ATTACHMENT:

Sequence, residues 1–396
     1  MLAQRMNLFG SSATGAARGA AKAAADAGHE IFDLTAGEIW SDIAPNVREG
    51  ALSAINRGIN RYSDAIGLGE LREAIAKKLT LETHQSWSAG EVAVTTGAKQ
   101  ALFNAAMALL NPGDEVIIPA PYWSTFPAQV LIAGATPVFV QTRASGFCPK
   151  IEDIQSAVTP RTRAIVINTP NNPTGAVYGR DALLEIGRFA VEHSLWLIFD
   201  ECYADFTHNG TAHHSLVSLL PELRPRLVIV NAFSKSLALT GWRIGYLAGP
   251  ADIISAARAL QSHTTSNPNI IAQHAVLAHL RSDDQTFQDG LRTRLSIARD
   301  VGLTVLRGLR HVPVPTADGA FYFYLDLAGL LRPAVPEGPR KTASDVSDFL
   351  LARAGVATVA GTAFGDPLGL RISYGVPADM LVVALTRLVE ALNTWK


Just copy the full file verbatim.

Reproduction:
Sequence, residues 1–396
     1  MLAQRMNLFG SSATGAARGA AKAAADAGHE IFDLTAGEIW SDIAPNVREG
    51  ALSAINRGIN RYSDAIGLGE LREAIAKKLT LETHQSWSAG EVAVTTGAKQ
   101  ALFNAAMALL NPGDEVIIPA PYWSTFPAQV LIAGATPVFV QTRASGFCPK
   151  IEDIQSAVTP RTRAIVINTP NNPTGAVYGR DALLEIGRFA VEHSLWLIFD
   201  ECYADFTHNG TAHHSLVSLL PELRPRLVIV NAFSKSLALT GWRIGYLAGP
   251  ADIISAARAL QSHTTSNPNI IAQHAVLAHL RSDDQTFQDG LRTRLSIARD
   301  VGLTVLRGLR HVPVPTADGA FYFYLDLAGL LRPAVPEGPR KTASDVSDFL
   351  LARAGVATVA GTAFGDPLGL RISYGVPADM LVVALTRLVE ALNTWK